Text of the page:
- BP’s 2013 Sustainability Report (includes a summary of its approach to optimizing its portfolio to meet the world’s energy needs and how it alters it’s investments to reflect changing policy, market, and technology conditions)
- Climate Disclosure Standards Board’s Why Are Carbon Asset Stranding Risks Invisible in Corporate Reports?
- Carbon Tracker Initiative’s Carbon Supply Cost Curves: Evaluating Financial Risk to Oil Capital Expenditures
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August 8, 2014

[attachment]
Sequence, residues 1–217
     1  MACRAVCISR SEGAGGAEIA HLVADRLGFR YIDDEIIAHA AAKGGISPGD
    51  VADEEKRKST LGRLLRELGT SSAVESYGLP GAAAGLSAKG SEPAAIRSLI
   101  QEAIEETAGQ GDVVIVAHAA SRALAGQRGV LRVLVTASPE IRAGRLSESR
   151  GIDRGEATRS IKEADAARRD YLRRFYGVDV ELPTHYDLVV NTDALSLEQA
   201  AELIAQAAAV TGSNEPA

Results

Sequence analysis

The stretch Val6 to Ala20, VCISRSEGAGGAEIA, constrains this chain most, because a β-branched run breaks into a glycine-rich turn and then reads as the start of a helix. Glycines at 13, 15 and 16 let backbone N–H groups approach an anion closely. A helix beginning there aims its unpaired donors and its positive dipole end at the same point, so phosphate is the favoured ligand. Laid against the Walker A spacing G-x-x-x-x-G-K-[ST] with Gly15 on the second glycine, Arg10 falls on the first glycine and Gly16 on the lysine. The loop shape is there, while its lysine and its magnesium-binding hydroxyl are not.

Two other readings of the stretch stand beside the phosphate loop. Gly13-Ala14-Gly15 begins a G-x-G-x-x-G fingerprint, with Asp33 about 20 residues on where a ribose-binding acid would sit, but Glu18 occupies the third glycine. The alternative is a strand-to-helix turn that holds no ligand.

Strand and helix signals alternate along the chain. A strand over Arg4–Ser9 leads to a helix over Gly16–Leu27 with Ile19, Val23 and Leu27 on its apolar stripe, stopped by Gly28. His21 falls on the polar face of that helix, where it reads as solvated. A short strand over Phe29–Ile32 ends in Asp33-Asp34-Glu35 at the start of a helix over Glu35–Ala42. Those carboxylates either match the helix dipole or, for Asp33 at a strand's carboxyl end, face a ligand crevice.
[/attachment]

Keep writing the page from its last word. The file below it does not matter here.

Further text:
The near certain ravaging effect of climate change has been aptly termed by Stathis Gould as nothing less than a 'Tsunami'. A recent report in the World Economic Forum blog highlights that while the world is wrecking the climate and food supply systems at a breakneck pace - CO2 emissions are rising, not falling - the problem is more of engineering than of negotiation. It's not that we don't have the required technology to produce zero-carbon energy - far from it. The report raises hard hitting questions on this issue. If governments, scientists and industry committed themselves to produce major technological breakthroughs within bold timelines - for example, the Manhattan Project to produce the atomic bomb during World War II, the first moon landing, the information technology revolution that has brought us computers, smart phones, GPS and much more, the human genome project where government and industry got together to cut the costs of sequencing an individual genome from around $100 million in 2001 to just $1,000 today - what prevents the same 'directed technological change' to work towards saving the planet from carbon pollution; and all entities, including the fossil fuel industry, to be on the side of human survival and wellbeing? (http://wef.ch/1xxOTw7)